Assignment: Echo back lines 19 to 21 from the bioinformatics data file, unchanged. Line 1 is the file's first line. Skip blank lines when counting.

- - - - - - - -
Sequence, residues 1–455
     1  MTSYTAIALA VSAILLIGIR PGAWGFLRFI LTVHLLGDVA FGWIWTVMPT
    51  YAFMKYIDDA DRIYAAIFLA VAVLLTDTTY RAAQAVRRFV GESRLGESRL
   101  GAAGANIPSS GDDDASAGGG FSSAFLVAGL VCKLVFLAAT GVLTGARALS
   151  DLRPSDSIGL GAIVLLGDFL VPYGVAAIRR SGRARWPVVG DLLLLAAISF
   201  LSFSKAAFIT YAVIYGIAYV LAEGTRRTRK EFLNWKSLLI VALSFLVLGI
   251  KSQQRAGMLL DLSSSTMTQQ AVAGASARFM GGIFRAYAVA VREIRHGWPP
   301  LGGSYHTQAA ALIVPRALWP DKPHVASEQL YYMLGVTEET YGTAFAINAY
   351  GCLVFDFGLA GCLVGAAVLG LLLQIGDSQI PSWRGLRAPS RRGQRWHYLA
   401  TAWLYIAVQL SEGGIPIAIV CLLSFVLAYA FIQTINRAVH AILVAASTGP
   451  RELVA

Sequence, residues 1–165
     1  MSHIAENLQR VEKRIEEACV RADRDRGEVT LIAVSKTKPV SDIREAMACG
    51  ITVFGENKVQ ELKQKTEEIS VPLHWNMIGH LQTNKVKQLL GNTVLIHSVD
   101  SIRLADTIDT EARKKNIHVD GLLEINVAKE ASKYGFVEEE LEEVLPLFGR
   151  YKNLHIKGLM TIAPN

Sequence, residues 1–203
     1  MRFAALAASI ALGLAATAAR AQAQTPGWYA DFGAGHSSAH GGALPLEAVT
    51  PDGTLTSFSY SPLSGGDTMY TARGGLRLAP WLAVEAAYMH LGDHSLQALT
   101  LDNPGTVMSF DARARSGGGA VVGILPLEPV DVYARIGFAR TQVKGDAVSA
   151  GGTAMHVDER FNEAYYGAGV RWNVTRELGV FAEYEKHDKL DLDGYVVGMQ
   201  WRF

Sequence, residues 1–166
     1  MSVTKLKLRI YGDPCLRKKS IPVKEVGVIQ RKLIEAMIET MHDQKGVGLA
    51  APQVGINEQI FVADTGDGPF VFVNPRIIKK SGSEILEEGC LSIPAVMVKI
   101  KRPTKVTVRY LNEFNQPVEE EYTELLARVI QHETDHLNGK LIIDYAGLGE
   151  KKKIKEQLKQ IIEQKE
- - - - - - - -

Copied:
    51  PDGTLTSFSY SPLSGGDTMY TARGGLRLAP WLAVEAAYMH LGDHSLQALT
   101  LDNPGTVMSF DARARSGGGA VVGILPLEPV DVYARIGFAR TQVKGDAVSA
   151  GGTAMHVDER FNEAYYGAGV RWNVTRELGV FAEYEKHDKL DLDGYVVGMQ